Limited time offer 20% OFF StudySoup Subscription details

ECON 101 - Class Notes - Week 3

Created by: Sydney Elite Notetaker

ECON 101 - Class Notes - Week 3

School: Saint Martin's University
Department: Engineering
Course: Principles of Economics
Professor: Riley Moore
Term: Fall 2016
Tags: Economics, Macroeconomics, and Microeconomics
Name: Econ. 101 Week 3
Description: These notes go over the end of chapter 2 and some of chapter 3. Breaks down GDP as well as a more in depth view of command vs market systems.
Uploaded: 09/19/2016
This preview shows page 1 of a 2 page document. to view the rest of the content
background image Week 3 9/12   Macroeconomic goals 
­growth 
­jobs/employment 
­Stable prices 
The way that how a country is doing economically before 1980 was to look how the country was 
doing itself. Now look at the economy and how it relates to the rest of the world. 
GDP
(Current)   = C + I + G + X  C­Consumption (household, private sector)  GNP (Previous) I­Investment (Businesses)   
G­Government (public sector) 
X­Net exports (exports­imports=net) 
To measure economies, have to include everything­ How would you compare across countries? 
1931­During great depression, US had negative growth, operating inefficiently  
New way to measure Price x Quantity= Value.    Can compare without physical items  ­Equation is susceptible to inflation because if price goes up quickly will look like positive  sales, even if less people are buying.   Karl Marx­  Opposite ideas of Adam Smith  1864­ Used Darwin's idea to say Economies can evolve. Capitalism was an old and 
broken system. Socialism was the final form.  
In US late 1800’s so much prosperity Socialism ideas did not catch on. No need for central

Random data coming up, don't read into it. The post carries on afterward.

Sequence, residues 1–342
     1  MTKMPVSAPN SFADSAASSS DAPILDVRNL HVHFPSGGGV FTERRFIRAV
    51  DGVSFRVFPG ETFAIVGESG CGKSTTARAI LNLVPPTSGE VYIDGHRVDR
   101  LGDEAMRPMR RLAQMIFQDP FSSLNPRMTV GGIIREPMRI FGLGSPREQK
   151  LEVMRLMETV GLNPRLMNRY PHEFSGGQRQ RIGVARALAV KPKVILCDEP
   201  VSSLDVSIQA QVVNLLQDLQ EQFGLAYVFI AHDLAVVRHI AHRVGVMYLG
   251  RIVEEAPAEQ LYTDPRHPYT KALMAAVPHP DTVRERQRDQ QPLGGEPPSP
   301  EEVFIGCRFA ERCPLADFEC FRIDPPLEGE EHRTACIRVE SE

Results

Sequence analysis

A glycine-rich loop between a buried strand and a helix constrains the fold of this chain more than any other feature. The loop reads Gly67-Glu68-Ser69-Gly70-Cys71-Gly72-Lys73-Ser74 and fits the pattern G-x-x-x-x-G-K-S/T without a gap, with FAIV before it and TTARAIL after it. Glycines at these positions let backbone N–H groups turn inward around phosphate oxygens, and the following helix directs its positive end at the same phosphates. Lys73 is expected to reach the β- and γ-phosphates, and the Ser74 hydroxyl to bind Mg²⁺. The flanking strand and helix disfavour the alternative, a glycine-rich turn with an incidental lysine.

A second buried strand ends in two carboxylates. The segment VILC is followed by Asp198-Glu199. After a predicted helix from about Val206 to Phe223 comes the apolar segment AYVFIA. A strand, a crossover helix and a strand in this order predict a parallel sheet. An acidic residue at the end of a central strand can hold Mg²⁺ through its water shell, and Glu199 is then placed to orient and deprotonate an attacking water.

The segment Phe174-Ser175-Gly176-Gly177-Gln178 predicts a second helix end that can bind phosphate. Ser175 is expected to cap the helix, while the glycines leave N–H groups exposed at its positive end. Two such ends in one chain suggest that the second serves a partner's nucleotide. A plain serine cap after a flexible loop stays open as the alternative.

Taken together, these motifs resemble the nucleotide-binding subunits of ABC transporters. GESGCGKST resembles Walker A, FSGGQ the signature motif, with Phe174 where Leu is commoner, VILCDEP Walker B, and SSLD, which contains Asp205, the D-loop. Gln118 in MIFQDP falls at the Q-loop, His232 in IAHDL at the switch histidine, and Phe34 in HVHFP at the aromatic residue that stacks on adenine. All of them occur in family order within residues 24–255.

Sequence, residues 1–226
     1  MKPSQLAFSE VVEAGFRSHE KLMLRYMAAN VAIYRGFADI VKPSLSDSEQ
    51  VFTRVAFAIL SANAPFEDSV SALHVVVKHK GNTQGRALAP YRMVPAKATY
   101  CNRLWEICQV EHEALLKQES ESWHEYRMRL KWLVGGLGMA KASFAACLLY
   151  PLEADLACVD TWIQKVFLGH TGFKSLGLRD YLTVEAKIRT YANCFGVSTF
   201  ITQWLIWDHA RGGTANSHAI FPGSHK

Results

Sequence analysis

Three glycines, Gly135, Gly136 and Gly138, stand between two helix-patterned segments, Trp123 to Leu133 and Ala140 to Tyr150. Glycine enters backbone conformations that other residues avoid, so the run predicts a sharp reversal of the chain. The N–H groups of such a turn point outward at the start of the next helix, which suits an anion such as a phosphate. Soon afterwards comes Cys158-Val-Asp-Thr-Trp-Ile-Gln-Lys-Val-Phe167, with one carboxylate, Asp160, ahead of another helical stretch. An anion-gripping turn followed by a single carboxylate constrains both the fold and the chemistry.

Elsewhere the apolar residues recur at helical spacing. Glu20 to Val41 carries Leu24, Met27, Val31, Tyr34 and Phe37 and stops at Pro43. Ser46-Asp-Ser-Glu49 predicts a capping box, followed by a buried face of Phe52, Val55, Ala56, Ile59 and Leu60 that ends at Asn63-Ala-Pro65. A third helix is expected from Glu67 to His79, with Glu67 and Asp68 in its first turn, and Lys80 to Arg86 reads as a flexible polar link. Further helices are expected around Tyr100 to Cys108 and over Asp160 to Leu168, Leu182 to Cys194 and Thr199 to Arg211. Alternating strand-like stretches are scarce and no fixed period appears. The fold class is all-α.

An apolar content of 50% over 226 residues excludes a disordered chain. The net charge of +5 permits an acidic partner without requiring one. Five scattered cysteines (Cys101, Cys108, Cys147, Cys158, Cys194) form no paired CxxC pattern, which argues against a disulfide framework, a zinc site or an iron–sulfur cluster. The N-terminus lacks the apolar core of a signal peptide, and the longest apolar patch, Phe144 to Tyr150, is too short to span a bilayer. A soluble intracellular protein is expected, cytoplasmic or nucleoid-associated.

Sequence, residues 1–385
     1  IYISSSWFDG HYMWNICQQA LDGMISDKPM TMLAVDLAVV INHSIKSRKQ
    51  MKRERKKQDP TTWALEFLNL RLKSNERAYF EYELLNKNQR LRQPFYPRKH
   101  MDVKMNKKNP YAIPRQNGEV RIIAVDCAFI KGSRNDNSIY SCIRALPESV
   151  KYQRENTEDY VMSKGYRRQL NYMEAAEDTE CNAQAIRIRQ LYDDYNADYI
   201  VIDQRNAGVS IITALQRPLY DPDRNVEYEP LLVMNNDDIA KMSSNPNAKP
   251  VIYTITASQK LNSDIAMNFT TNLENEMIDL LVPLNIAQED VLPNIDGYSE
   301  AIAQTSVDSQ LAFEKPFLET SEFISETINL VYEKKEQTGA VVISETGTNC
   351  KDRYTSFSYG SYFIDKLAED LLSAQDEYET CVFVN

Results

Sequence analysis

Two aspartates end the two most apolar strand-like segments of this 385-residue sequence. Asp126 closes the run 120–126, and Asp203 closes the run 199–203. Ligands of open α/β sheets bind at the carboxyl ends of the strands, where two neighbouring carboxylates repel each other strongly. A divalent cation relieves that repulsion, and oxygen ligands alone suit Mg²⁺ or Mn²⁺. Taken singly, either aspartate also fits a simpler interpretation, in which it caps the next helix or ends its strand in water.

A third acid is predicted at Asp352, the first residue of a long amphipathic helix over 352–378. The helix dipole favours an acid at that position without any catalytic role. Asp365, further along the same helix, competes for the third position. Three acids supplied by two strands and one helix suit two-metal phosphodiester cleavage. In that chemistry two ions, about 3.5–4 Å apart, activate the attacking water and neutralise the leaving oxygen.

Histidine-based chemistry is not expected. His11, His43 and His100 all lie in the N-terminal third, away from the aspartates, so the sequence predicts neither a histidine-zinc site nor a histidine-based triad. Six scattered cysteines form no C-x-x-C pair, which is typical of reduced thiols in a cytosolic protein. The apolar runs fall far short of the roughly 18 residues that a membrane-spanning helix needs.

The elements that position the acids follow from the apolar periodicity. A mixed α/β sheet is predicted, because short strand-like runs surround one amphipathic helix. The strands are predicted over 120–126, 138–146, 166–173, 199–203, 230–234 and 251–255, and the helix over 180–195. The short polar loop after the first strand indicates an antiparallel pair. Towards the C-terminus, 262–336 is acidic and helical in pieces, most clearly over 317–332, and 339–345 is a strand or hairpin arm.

“gov’t to control economy.  
1913­ Creation of     IRS  & FED → Bank revised (way to borrow money)  
(Ways for Gov’t        ↳Internal revenue (Taxes) 
To make money) 
Depression 
­Private sector imploded. 
 Banks collapsed → no loans → Businesses laid people off→ People didn’t spend money  
­
Marx  gained footing because empowered the unemployed. Desired gov’t to take care of them  John Maynard Keynes­  1936 saved market gov’t from being thrown out.  ­Thought the way to pull US from depression was to have huge explosion in  private sector, make gov’t part of the equation and employ people (public works)  to get 
economy going again.   
“You are only unemployed if actively seeking work” 
 
Extreme  Middle ground  Extreme  Karl Marx  John Maynard Keynes  Adam Smith  Gov’t should own private 
sector, everyone is seen as 
equal 
Gov’t should step in during 
economic depressions to 
revive private sector 
Laissez Faire barely any 
gov’t involvement, only act as 
referee.   
Depression­  No real definition. Prolonged recession 

This is the end of the preview. Please to view the rest of the content
Join more than 18,000+ college students at Saint Martin's University who use StudySoup to get ahead
2 Pages 7 Views 5 Unlocks
  • Better Grades Guarantee
  • 24/7 Homework help
  • Notes, Study Guides, Flashcards + More!
Join more than 18,000+ college students at Saint Martin's University who use StudySoup to get ahead
School: Saint Martin's University
Department: Engineering
Course: Principles of Economics
Professor: Riley Moore
Term: Fall 2016
Tags: Economics, Macroeconomics, and Microeconomics
Name: Econ. 101 Week 3
Description: These notes go over the end of chapter 2 and some of chapter 3. Breaks down GDP as well as a more in depth view of command vs market systems.
Uploaded: 09/19/2016
2 Pages 7 Views 5 Unlocks
  • Better Grades Guarantee
  • 24/7 Homework help
  • Notes, Study Guides, Flashcards + More!
Join StudySoup for FREE
Get Full Access to SMU - ECN 101 - Class Notes - Week 3
Join with Email
Already have an account? Login here
×
Log in to StudySoup
Get Full Access to SMU - ECN 101 - Class Notes - Week 3

Forgot password? Reset password here

Reset your password

I don't want to reset my password

Need help? Contact support

Need an Account? Is not associated with an account
Sign up
We're here to help

Having trouble accessing your account? Let us help you, contact support at +1(510) 944-1054 or support@studysoup.com

Got it, thanks!
Password Reset Request Sent An email has been sent to the email address associated to your account. Follow the link in the email to reset your password. If you're having trouble finding our email please check your spam folder
Got it, thanks!
Already have an Account? Is already in use
Log in
Incorrect Password The password used to log in with this account is incorrect
Try Again

Forgot password? Reset it here